Common Snowberry is one of the most widespread shrubs in North America, with stiff branches and conspicuous white berries.
|Height and Spread
||0.5 to 1.5 m tall.
||Up to 1.5 m spread.
||Pink to white bell shaped flowers
||May – June
||Berries grow following the flowers and mature in late summer, remaining on the bushes into winter.
|Light and Water
||Grows in both open and shaded areas, though prefers open light.
||Grows in both dry and wetter conditions.
||The berries of Snowberry were not eaten by any interior indigenous groups as they were considered poisonous. Some peoples did hollow out the twigs to make pipe stems though.
||Snowberry are an important winter bird food, as they berries stay on the bush long into the year and not all wildlife species consider them edible.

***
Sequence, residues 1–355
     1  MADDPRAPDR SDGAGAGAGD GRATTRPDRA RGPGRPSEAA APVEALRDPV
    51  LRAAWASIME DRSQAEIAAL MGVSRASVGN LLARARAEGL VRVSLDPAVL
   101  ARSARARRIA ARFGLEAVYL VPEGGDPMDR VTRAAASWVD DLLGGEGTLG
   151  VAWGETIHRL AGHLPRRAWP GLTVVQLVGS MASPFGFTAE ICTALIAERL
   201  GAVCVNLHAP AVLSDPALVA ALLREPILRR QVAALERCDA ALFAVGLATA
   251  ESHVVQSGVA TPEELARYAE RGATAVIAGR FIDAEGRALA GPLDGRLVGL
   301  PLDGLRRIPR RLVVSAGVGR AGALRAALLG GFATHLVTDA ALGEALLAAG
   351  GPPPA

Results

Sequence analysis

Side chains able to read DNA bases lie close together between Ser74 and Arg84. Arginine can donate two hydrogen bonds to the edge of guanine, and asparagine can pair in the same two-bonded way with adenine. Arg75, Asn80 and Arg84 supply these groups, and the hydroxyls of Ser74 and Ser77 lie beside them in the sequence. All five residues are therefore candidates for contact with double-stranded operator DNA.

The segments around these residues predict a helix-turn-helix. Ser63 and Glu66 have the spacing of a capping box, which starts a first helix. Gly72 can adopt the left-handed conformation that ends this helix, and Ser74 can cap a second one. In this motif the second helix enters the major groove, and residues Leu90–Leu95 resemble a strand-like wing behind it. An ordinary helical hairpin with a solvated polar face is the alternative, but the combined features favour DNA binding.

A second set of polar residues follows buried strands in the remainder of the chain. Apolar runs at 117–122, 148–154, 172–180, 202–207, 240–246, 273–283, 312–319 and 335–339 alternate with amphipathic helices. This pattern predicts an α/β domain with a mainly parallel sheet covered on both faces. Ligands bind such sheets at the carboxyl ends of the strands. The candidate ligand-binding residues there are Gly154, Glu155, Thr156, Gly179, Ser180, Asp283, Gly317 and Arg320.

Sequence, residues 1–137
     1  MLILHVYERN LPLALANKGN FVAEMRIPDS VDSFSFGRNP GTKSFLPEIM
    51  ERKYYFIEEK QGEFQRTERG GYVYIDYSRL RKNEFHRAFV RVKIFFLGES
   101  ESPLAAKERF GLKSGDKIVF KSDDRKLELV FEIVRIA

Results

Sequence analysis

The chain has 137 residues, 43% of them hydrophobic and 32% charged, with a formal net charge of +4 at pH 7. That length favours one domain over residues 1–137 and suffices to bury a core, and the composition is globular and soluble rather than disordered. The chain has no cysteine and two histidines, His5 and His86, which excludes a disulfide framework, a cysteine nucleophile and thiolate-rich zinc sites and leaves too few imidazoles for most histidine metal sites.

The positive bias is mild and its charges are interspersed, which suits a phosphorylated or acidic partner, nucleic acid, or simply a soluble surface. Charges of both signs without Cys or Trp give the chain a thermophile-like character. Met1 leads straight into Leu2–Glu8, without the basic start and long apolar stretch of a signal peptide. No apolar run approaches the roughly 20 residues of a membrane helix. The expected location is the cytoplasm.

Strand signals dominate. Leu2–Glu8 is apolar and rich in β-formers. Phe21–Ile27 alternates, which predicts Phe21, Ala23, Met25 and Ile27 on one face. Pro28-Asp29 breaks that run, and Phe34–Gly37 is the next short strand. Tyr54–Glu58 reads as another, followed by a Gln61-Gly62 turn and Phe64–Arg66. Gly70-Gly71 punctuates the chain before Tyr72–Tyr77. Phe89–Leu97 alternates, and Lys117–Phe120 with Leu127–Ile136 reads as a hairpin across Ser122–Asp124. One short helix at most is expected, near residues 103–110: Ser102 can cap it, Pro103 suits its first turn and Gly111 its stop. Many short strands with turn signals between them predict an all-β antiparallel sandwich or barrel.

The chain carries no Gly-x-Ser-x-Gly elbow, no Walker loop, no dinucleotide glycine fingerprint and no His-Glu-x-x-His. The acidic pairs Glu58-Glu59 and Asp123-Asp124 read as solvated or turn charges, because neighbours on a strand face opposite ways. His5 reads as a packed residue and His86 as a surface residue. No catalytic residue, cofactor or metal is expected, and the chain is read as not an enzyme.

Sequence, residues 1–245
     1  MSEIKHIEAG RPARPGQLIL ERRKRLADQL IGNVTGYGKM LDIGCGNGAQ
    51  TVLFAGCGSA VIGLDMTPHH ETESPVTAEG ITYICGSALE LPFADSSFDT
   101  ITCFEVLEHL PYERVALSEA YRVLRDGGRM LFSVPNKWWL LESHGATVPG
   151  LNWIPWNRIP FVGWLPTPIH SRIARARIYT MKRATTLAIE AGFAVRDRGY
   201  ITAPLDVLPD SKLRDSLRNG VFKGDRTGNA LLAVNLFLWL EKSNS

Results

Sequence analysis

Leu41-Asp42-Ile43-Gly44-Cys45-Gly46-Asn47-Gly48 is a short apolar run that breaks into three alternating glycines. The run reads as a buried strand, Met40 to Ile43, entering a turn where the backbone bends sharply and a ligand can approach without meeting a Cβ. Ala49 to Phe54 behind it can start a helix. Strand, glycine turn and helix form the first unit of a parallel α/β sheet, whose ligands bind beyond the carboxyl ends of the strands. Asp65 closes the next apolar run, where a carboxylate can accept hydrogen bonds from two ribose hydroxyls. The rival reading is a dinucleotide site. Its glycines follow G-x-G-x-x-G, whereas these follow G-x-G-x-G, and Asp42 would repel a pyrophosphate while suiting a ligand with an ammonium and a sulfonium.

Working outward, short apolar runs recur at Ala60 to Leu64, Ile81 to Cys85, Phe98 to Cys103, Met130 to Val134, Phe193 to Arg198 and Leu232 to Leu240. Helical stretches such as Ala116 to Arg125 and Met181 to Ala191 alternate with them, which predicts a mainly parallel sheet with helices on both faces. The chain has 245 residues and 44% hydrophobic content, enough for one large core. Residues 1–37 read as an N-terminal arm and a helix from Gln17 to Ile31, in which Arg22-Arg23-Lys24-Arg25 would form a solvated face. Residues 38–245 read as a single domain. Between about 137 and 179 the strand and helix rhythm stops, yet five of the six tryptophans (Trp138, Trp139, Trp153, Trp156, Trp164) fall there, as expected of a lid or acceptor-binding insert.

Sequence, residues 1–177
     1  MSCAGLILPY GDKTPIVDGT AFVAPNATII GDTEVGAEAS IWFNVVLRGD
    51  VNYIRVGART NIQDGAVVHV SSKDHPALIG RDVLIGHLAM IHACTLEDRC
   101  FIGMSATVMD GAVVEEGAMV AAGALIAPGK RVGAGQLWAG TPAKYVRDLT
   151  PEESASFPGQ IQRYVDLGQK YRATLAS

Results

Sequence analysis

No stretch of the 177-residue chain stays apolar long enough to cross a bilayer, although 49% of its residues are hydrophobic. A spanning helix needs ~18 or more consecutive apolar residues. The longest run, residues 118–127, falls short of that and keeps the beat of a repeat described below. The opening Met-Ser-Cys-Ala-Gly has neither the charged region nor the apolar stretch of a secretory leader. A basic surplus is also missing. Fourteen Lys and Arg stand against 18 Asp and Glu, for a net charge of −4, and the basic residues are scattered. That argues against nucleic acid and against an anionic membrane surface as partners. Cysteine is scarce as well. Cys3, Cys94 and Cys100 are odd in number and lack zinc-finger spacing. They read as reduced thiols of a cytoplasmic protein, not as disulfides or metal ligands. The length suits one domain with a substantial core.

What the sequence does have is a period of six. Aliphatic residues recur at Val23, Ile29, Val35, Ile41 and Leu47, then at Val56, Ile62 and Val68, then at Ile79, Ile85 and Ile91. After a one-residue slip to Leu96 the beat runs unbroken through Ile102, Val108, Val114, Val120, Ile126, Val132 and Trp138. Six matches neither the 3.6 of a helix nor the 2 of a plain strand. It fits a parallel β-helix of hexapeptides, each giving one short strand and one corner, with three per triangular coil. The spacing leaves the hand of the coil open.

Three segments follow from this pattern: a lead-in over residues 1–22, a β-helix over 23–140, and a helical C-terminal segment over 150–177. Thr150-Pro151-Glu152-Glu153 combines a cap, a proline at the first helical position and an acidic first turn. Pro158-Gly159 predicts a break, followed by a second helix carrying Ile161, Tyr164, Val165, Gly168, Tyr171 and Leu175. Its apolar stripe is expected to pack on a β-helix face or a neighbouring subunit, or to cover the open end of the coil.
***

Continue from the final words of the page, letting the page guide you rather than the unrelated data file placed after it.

||Common Snowberry is quite beautiful in a garden setting with its abundance of bright white berries. While the berries are considered poisonous, generally ill effects aren’t felt by humans unless a larger amount is consumed, making them a relatively safe addition to ones garden.
||There are reports of some Indigenous peoples gathering large amounts of Snowberry berries to dump into streams in order to poison fish locally to catch.
||Snowberry are very common across wide areas of the province and can easily be propagated by cuttings or seed.